Music can contribute a great deal to medical science in relieving stress of the mind and body. It has a direct impact on a personís mood and well-being, says
AS a typical young teenager, Sakshi had her highs and lows. Once after a massive brawl with her sister, she stormed into her room, turned on the music and closed her eyes. Always very fond of music, she felt the vibrations flow through her body, soothing her frayed nerves and calming her mind. To her motherís surprise, she was back to her normal chirpy self in an hour.
After that day Sakshi began experimenting with music therapy every time she was depressed or angry. Sensing this new change, her mother encouraged her to retire to her room during her lows and commune with music.
What Sakshi and her mother discovered accidentally has now been proven scientifically and widely practicedómusic does provide a potent healing touch to frayed nerves.
Once thought to be a device merely to keep patients in good spirits, music therapy is today exploring new frontiers and coming into its own as a cure. Psychiatrists say that music has a direct impact on the mood and physical well being. In the West, it is widely being used in old-age homes, asylums and maternity wards.
According to Dr Bijoy Sengupta, a Delhi-based senior psychiatrist, "music has healing powers and a mood stability function. It works wonderfully on patients who have psychosomatic problems or those suffering from mental tension."
Laboratory studies suggest that music also has the power to accelerate metabolism, increase or decrease muscular energy and regulate respiration. It also produces a positive effect on blood pressure and influences internal secretions. Psychiatric patients who are given music therapy show remarkable behavioural changes.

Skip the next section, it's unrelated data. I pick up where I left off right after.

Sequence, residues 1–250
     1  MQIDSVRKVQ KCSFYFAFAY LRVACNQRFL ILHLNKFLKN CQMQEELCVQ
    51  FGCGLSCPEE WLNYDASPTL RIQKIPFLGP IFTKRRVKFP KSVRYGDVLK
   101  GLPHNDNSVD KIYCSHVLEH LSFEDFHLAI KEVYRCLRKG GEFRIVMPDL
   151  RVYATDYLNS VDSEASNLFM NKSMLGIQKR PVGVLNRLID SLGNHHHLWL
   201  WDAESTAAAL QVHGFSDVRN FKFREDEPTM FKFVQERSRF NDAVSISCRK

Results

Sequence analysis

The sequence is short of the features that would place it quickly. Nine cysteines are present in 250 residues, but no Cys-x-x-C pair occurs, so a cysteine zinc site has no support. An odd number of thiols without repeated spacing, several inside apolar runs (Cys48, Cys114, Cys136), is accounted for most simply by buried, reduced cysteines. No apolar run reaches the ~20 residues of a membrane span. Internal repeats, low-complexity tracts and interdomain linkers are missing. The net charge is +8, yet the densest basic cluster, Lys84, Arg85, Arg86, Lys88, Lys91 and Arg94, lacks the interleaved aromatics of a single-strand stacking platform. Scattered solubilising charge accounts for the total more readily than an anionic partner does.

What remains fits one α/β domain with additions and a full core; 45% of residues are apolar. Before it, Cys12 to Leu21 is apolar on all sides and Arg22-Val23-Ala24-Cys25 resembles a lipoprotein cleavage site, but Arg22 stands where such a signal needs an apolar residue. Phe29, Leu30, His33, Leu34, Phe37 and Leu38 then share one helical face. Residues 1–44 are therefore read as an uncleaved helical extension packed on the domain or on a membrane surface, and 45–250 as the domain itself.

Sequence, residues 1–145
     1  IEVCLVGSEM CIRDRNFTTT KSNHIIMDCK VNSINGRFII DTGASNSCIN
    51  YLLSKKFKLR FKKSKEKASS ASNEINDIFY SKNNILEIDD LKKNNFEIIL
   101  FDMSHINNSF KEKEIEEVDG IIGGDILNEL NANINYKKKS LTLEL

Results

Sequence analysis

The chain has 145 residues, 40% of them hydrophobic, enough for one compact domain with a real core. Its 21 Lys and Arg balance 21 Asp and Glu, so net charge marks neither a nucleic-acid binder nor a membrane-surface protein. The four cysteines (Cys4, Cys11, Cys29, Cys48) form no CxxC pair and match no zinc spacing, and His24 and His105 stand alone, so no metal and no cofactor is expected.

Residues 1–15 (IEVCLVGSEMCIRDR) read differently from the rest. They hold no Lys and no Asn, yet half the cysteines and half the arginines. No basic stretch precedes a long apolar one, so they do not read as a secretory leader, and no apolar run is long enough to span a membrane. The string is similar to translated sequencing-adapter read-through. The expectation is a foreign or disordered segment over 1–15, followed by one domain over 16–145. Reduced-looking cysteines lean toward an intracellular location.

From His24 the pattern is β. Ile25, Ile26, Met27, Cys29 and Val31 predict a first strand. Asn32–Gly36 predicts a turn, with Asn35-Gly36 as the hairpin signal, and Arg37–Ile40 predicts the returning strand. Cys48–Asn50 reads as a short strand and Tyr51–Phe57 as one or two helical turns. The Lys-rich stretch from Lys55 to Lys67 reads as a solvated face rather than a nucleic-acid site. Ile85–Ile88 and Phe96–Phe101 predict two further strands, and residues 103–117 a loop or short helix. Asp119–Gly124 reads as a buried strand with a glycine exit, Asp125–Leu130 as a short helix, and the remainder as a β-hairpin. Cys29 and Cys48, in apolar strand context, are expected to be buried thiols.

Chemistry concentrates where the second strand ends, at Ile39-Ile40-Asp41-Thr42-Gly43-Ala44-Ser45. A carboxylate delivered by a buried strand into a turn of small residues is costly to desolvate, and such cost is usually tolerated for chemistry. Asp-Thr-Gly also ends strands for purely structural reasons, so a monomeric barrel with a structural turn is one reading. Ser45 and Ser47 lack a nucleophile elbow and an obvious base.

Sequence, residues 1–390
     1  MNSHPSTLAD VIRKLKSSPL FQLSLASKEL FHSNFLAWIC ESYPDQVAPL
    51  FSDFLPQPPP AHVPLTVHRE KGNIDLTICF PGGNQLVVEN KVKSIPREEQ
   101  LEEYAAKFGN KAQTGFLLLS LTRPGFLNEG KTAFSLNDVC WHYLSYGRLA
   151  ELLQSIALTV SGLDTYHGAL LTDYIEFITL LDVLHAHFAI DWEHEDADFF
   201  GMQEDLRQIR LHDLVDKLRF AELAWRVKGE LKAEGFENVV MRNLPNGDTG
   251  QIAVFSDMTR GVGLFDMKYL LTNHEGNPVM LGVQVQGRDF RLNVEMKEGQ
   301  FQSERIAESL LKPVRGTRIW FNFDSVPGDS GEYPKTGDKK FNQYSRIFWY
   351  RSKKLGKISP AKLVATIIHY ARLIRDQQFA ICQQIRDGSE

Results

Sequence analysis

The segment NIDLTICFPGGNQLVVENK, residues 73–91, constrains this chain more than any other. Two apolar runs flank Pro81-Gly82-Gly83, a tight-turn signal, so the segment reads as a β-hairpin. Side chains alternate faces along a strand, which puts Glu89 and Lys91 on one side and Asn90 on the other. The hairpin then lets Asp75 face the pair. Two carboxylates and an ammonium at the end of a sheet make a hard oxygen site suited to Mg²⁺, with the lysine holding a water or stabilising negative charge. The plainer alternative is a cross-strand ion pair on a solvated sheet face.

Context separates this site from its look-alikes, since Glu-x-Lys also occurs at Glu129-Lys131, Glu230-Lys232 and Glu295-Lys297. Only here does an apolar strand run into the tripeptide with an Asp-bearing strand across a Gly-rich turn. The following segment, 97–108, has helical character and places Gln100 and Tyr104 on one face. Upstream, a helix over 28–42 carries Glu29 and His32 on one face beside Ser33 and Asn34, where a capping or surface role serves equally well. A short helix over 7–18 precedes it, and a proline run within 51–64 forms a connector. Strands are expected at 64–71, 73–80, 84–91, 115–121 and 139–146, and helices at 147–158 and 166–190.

Certain kind of background music can increase the quality of a patientís verbal interaction. In fact, music with smooth rhythm has a healing effect on the disturbed motor responses of schizophrenic patients. It stimulates responses and encourages expression of thoughts and feelings.
Says Dr. Sengupta: "The techniques of music therapy are being applied in the treatment of autism, schizophrenia, retardation and behavioural as well as other psychiatric disorders in children, adolescents, adults and geriatric patients." Music is also being used to rehabilitate patients with impaired vision, hearing and speech defects, cerebral palsy, muscular dystrophy and orthopaedic disorders.
Interestingly, the curative value of music was recognised as far back as 1650 when the celebrated German medical scholar Athanasius Kircher published his treatise titled Musurgia Universalis, which dealt with the use of music in the treatment of illness. Later, with the invention of the phonograph, music began to be used as a diversion for patients during the day and as an aid for sleep at night.
Music therapy has traditionally been treated as an adjunct to psychotherapy because, explains Dr. Sengupta, "music is part of a human social process, and it works best with psychiatry." The music therapist and the psychiatrist often work supportively, creating a musical emotional environment that enhances a patientís responses. Rhythm instruments are used in this procedure.
Music, whether western or Indian classical, can contribute a great deal to medical science in relieving stress of the mind and body. The concept is not just being used at therapeutic centres but is being utilised at various public places like super markets, hotels, airplanes and even at some offices.
Experiments are underway at interfacing musical instruments with medical programmes. Here rhythm is interlinked to a patientís pulse and synchronised with breathing. The volume is gradually reduced and body metabolism comes down. ó NF